The dissipation of heat irradiation from the deposition preventive plate can be suppressed to a low value, since the surface radiation rate can be decreased to about 0.2 by applying mirror finishing to the surface. In the case of using Al (alumite finished surface) for the deposition preventive plate, the diffusion of heat radiation is somewhat increased, since the radiation ratio of the alumite surface is about 0.6.

FIG. 8 is a diagram showing a supporting structure for the deposition preventive plate. The heat conduction surface is decreased by supporting the deposition preventive plate for the entire circumference at three points, so as to decrease the heat transfer from the supporting portion and bring the area of contact with the gas ring main body into a substantially point-to-point contact. As a specific example, the radial length of the portion of contact is defined as 3 mm and the circumferential length of the portion of contact is defined as 1 mm. Even when the contact heat resistance is assumed to an excessive value of about 3000 [W/(m2·K)], the heat transfer from the supporting portion of the deposition preventive plate, calculated according to: area of contact×contact heat transmission ratio×(temperature at the inner surface of deposition preventive plate−temperature of gas ring), is only about 10 W.

A deposition preventive plate was manufactured as a trial to measure the actual surface temperature. The material of the deposition preventive plate was Al (alumite finished surface). At an RF input of 1200 W, it was confirmed that the surface temperature was about 250° C., which was substantially the design value.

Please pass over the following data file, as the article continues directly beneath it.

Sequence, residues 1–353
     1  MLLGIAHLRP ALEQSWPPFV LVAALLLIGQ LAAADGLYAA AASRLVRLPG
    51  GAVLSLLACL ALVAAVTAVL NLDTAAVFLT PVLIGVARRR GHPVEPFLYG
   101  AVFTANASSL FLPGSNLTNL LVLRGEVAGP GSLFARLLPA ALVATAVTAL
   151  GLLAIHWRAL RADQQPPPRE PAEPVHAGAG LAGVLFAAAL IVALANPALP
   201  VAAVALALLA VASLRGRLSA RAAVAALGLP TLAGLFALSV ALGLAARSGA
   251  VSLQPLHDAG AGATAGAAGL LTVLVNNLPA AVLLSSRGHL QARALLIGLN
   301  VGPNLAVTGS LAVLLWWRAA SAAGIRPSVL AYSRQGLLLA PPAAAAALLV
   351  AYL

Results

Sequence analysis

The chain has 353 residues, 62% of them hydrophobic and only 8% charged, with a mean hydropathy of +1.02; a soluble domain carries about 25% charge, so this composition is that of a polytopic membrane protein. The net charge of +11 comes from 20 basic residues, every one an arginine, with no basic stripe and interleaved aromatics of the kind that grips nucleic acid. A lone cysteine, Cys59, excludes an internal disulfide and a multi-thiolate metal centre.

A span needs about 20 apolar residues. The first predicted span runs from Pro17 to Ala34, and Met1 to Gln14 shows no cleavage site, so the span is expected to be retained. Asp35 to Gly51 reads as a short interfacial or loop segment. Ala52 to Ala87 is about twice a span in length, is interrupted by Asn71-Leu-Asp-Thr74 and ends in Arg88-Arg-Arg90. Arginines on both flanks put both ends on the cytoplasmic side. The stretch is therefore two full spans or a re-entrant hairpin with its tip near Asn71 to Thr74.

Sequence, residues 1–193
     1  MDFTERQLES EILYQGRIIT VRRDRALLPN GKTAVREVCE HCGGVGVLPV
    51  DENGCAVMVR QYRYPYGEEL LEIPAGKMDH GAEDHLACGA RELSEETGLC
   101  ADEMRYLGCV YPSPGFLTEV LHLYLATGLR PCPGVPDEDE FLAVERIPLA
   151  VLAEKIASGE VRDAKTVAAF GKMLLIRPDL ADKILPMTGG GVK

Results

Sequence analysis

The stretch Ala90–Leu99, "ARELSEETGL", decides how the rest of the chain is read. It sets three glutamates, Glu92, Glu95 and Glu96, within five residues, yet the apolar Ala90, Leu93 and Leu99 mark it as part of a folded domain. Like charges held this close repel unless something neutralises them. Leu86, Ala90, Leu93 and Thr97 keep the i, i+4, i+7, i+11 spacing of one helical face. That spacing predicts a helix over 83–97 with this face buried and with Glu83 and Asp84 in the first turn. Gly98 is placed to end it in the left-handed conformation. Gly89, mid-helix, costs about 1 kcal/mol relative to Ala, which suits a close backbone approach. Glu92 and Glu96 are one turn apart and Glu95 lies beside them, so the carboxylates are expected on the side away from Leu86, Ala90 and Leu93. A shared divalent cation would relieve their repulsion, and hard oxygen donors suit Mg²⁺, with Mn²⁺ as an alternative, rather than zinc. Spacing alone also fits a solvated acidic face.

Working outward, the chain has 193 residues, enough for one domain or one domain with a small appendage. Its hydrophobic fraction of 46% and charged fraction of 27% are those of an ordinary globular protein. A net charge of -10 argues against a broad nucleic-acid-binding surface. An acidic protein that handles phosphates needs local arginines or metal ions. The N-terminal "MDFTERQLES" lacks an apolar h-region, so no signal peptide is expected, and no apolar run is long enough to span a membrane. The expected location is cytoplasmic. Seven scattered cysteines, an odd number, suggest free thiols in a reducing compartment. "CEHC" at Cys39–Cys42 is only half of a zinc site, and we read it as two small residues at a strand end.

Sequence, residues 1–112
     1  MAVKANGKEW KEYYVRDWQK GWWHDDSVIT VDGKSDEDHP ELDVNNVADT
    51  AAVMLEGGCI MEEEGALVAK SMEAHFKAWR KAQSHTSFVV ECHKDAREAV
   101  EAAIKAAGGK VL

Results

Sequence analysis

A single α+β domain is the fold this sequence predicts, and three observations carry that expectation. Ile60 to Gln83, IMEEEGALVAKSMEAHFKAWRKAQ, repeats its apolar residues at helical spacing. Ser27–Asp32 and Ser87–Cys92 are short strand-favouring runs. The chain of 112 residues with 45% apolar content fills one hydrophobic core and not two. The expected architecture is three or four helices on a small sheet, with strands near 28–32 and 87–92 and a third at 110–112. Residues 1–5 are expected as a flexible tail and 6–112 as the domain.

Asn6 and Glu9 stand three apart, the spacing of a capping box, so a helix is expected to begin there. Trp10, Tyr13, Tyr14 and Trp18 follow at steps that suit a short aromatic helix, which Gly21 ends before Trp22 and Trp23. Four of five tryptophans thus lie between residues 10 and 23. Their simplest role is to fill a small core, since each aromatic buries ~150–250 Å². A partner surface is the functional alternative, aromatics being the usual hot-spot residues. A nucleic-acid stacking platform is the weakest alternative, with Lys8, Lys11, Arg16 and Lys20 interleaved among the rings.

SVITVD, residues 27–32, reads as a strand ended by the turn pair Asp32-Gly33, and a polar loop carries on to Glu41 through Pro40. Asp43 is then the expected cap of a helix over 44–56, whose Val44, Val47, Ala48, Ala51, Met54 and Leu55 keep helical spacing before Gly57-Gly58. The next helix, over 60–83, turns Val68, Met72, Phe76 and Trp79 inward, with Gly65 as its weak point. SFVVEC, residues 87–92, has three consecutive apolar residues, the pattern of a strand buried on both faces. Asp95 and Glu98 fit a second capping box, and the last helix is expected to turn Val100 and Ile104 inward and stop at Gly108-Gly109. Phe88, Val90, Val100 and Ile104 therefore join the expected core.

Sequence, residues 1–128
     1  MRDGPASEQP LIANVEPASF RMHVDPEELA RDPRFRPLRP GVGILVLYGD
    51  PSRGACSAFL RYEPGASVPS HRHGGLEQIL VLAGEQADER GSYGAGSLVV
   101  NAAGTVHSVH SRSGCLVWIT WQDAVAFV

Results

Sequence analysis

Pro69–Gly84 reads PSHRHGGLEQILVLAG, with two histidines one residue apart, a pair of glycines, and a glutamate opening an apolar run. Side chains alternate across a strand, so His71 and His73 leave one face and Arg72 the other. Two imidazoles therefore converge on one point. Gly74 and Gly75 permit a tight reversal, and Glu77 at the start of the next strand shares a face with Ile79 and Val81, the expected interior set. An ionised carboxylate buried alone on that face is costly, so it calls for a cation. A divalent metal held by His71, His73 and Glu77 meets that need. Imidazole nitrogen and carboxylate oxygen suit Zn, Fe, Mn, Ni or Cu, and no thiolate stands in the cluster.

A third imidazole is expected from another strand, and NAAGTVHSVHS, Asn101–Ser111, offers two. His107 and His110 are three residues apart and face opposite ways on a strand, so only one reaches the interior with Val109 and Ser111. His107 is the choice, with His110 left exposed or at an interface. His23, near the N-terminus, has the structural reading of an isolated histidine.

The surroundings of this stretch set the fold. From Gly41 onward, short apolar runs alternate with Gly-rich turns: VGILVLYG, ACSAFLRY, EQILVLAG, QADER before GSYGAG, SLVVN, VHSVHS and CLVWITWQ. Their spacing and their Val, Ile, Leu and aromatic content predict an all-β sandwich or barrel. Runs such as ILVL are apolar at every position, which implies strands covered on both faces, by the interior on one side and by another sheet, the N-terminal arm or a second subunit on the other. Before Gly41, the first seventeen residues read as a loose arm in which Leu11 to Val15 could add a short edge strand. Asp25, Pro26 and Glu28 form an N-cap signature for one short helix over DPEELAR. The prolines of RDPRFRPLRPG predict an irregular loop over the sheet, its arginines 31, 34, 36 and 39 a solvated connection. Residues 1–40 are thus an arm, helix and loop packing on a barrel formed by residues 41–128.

As described above, adhesion of the deposits can not be eliminated completely even when the deposition preventive plate is kept at a high temperature. Therefore, it is important to ensure that the deposits stably adhere to the deposition preventive plate. For this purpose, it is desirable that the surface of the deposition preventive plate have an unevenness to some extent, in order to mechanically improve the adhesion of the deposits. According to an experiment performed by the inventors, it has been found that the surface roughness should preferably be 10 μm or more.

However, when adhesion of the deposits is started, the thickness of the adhered deposits is gradually increased from the thin film state. For example, an unevenness of 10 μm formed in the deposition preventive plate has an anchoring effect on deposits with a film thickness of about 10 μm. However, as the thickness of the adhered deposits increases, the anchoring effect is reduced. Accordingly, in order to effectively provide a sufficient anchoring effect, from the initial state where the adhesion amount of the deposits is small to a state where the amount of the deposits increases to some extent, it is preferred that two types of unevenness, for example, a 10 μm unevenness and a 100 μm unevenness, are formed simultaneously on the surface. Suitable method for forming such an unevenness include knurling for the formation of the 100 μm unevenness and blasting fabrication for formation of the 10 μm unevenness.